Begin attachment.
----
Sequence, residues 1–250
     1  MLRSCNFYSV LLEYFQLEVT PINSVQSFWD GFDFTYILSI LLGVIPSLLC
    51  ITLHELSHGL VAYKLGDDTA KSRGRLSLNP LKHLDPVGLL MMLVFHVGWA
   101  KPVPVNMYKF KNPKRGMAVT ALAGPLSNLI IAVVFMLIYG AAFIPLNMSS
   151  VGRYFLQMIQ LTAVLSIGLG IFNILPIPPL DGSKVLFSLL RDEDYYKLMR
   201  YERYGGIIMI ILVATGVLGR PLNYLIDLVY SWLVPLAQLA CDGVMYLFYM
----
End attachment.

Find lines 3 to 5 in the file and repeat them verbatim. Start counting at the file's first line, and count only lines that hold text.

    51  ITLHELSHGL VAYKLGDDTA KSRGRLSLNP LKHLDPVGLL MMLVFHVGWA
   101  KPVPVNMYKF KNPKRGMAVT ALAGPLSNLI IAVVFMLIYG AAFIPLNMSS
   151  VGRYFLQMIQ LTAVLSIGLG IFNILPIPPL DGSKVLFSLL RDEDYYKLMR